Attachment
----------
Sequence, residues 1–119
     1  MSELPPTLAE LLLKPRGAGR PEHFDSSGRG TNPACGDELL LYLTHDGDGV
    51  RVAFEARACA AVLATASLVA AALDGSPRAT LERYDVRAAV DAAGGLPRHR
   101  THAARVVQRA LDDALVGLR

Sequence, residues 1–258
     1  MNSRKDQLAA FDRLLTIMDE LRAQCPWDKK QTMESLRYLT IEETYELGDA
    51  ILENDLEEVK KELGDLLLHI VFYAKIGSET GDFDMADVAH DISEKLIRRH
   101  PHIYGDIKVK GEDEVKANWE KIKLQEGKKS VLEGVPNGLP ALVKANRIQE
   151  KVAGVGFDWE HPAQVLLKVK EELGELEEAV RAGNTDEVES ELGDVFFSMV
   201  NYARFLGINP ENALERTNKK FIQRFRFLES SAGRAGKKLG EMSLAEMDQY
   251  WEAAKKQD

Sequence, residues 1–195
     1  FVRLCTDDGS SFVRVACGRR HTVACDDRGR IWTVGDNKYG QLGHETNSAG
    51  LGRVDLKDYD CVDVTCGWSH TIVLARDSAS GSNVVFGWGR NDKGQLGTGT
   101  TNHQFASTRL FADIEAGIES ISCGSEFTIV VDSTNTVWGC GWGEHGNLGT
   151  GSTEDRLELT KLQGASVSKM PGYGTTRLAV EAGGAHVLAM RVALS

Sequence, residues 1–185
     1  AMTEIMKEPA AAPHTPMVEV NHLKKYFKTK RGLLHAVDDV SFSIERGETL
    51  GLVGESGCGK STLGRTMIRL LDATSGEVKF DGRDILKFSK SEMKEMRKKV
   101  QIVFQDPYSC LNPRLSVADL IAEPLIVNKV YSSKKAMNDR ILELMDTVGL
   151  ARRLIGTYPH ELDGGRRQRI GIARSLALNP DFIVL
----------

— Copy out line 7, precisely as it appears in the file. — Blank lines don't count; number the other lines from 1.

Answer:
    51  ILENDLEEVK KELGDLLLHI VFYAKIGSET GDFDMADVAH DISEKLIRRH